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University Senate Tuesday approved the new Service-Learning proposal as amended at its previous meeting, finalizing its decision to retain the ban on projects involving religious proselytization, while eliminating restrictions on partisan political activity.
By a vote of 24-8, Senate approved the new mission statement, table of goals and objectives and list of guidelines for Service-Learning projects.
In addition to allowing partisan political activity to count for credit while still banning religious proselytization, the new guidelines stipulate projects must involve willing recipients and also include a policy on discrimination in accordance with “accepted interpretation of affirmative action policies” of UW-Eau Claire.
The only thoughts offered on the proposal itself before Senate voted were from Senator Bobby Pitts, who said restricting projects promoting religious doctrine was only justified if the university was in danger of a lawsuit involving the separation of church and state.
He referred to a statement by Service-Learning Ad-hoc Committee member Tom Hilton at the previous meeting, in which Hilton said a System Legal lawyer insisted there was no legal basis for restricting religious projects because students are not paid agents of the state.
“It seems to me that this debate started … because (the university may have been) in danger of a lawsuit,” he said.
Because System Legal has dispelled those concerns, he said, restricting religious proselytization is no longer needed.
Soon after Pitts’ remarks, Senator Selika Ducksworth-Lawton curbed any further deliberation by calling for a vote, saying Senate had already debated the issue thoroughly.
“I think we’ve heard enough, and it’s getting circular now,” she said.
University Senate’s decision paralleled a resolution by Student Senate that advised striking political restrictions from Service-Learning guidelines.
Sophomore Jon Radcliffe, a student senator and the official liaison between the two governing bodies, said regardless of one’s personal beliefs on the issue of Service-Learning, the decision was a victory for students.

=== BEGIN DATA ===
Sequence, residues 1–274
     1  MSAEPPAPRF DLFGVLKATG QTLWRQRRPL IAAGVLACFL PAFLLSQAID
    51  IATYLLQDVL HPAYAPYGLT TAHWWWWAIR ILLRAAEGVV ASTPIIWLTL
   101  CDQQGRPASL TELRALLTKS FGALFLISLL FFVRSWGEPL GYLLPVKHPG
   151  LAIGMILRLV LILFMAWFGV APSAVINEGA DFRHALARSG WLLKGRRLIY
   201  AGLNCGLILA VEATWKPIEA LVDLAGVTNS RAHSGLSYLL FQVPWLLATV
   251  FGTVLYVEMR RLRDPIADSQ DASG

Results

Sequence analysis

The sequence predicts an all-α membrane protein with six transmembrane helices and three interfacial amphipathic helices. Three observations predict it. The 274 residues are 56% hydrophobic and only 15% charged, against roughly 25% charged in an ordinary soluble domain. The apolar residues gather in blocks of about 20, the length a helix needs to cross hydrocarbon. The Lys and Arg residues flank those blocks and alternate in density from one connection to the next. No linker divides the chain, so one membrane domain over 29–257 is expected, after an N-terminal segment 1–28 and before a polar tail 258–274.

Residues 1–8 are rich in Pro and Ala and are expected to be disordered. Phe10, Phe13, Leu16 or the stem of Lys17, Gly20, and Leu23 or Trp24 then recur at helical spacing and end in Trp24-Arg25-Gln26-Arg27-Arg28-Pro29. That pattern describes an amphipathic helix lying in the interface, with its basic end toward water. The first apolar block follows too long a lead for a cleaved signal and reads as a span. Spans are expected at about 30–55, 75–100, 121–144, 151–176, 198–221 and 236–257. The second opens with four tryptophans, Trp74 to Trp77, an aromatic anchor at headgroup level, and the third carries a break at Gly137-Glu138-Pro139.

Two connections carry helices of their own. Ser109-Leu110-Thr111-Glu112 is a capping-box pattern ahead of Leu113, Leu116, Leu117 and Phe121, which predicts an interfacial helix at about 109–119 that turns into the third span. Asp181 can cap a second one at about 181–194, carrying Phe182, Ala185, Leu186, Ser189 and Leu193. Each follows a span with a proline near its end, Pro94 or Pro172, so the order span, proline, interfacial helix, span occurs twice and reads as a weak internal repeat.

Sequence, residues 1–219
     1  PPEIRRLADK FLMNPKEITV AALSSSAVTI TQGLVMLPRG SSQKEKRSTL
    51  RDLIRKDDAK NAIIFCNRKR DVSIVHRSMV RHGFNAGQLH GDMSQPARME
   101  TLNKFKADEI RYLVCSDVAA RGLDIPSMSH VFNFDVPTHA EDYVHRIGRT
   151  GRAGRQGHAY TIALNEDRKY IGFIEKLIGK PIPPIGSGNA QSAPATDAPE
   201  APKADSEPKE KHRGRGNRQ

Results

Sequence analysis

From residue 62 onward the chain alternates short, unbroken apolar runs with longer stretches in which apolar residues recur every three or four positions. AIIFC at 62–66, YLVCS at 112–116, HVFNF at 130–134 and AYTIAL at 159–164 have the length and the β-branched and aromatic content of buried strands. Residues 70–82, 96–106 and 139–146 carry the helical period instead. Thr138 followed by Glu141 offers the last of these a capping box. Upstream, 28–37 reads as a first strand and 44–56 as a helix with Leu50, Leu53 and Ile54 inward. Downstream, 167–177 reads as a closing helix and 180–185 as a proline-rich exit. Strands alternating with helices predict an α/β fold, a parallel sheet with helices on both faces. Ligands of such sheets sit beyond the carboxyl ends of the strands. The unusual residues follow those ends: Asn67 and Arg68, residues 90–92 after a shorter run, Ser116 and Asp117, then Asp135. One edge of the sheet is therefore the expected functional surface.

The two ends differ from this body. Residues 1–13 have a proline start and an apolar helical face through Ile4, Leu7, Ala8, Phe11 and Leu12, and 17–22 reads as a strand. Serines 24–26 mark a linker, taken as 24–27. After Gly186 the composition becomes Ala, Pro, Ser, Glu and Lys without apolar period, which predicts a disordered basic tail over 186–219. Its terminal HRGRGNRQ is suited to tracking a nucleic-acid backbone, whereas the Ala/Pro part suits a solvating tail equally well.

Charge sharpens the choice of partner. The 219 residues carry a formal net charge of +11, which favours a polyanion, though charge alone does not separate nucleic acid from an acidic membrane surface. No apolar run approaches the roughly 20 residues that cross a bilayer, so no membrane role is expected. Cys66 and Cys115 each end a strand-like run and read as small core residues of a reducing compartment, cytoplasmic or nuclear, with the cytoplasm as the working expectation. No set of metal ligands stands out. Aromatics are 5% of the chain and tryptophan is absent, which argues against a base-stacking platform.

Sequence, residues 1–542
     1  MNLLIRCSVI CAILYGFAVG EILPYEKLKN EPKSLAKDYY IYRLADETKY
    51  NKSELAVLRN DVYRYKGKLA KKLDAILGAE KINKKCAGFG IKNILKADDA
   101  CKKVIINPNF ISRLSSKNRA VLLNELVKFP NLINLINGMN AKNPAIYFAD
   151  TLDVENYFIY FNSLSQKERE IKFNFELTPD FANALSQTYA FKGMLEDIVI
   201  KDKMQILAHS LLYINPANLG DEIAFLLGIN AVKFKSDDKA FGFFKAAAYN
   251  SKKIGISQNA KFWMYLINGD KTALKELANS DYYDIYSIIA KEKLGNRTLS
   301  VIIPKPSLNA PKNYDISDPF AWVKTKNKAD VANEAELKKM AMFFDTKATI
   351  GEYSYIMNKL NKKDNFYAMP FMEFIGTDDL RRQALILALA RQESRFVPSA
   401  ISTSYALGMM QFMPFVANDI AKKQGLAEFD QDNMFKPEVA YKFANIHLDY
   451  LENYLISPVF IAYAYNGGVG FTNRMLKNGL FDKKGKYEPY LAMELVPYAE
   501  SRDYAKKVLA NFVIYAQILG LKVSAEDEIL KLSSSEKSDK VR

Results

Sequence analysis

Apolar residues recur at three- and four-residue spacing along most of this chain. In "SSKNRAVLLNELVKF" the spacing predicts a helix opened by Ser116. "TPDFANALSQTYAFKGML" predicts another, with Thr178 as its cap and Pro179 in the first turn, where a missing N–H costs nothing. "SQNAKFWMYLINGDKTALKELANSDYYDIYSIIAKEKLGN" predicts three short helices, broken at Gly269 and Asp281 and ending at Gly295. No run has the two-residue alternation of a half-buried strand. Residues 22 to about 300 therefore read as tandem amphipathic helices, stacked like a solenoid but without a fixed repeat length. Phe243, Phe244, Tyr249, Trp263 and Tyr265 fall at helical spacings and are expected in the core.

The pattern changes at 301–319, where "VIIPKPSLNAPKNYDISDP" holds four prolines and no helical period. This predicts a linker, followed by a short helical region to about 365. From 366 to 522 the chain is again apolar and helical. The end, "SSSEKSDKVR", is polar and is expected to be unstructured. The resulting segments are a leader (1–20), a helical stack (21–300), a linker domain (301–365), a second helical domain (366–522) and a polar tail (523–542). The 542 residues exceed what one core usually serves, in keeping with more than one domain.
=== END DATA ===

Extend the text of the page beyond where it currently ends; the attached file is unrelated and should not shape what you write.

“(University Senate’s decision) is very similar to the resolutions Student Senate passed,” he said. “It’s kind of exciting.”
Interim Chancellor Vicki Lord Larson must still sign-off on University Senate’s decision for the new policies to be implemented – a task she said she will consider carefully.
“Everyone has taken a great deal of time,” she said. “So I want to make sure I take the proper amount of time.”
While she plans on reviewing the decision carefully, Larson said the fairly strong consensus demonstrated in University Senate’s vote encourages her to concur.
“I’m inclined, given the vote, to support them,” she said.
The only other intercession before Senate made its final decision was a proposed substitution by Senator Harry Jol, which called for the elimination of Service-Learning from UW-Eau Claire graduation requirements.
The Service-Learning requirement, he said, forces students to engage society, using resources that could be better utilized in other pursuits. Few students actually experience substantial growth through Service-Learning, he said.
“We are not a center of excellence of Service-Learning,” he said.
Senator Mitch Freymiller, a member of the ad-hoc committee, refuted Jol’s logic, saying that students feel “forced” to fulfill many of their graduation requirements.
Senator Karl Markgraf also countered Jol’s argument, saying he has interacted with students who experienced considerable growth through Service-Learning.
Senate rejected the motion by a vote of 25 to 5, refusing to openly debate the elimination of Service-Learning from university graduation requirements.